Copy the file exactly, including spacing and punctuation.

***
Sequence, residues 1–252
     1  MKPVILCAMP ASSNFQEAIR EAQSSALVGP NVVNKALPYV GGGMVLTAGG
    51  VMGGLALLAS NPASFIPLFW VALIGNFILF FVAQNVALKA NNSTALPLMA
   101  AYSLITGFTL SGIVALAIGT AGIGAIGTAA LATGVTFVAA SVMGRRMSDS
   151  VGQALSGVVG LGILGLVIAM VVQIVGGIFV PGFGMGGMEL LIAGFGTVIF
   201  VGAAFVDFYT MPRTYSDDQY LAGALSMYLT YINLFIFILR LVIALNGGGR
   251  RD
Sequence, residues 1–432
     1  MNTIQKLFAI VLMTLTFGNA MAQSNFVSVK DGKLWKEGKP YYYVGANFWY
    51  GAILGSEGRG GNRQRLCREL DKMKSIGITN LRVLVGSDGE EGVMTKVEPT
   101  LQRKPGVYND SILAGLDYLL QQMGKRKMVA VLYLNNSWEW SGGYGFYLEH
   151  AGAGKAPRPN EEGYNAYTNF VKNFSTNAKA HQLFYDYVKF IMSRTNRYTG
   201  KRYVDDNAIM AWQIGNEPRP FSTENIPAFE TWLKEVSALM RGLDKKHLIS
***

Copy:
Sequence, residues 1–252
     1  MKPVILCAMP ASSNFQEAIR EAQSSALVGP NVVNKALPYV GGGMVLTAGG
    51  VMGGLALLAS NPASFIPLFW VALIGNFILF FVAQNVALKA NNSTALPLMA
   101  AYSLITGFTL SGIVALAIGT AGIGAIGTAA LATGVTFVAA SVMGRRMSDS
   151  VGQALSGVVG LGILGLVIAM VVQIVGGIFV PGFGMGGMEL LIAGFGTVIF
   201  VGAAFVDFYT MPRTYSDDQY LAGALSMYLT YINLFIFILR LVIALNGGGR
   251  RD
Sequence, residues 1–432
     1  MNTIQKLFAI VLMTLTFGNA MAQSNFVSVK DGKLWKEGKP YYYVGANFWY
    51  GAILGSEGRG GNRQRLCREL DKMKSIGITN LRVLVGSDGE EGVMTKVEPT
   101  LQRKPGVYND SILAGLDYLL QQMGKRKMVA VLYLNNSWEW SGGYGFYLEH
   151  AGAGKAPRPN EEGYNAYTNF VKNFSTNAKA HQLFYDYVKF IMSRTNRYTG
   201  KRYVDDNAIM AWQIGNEPRP FSTENIPAFE TWLKEVSALM RGLDKKHLIS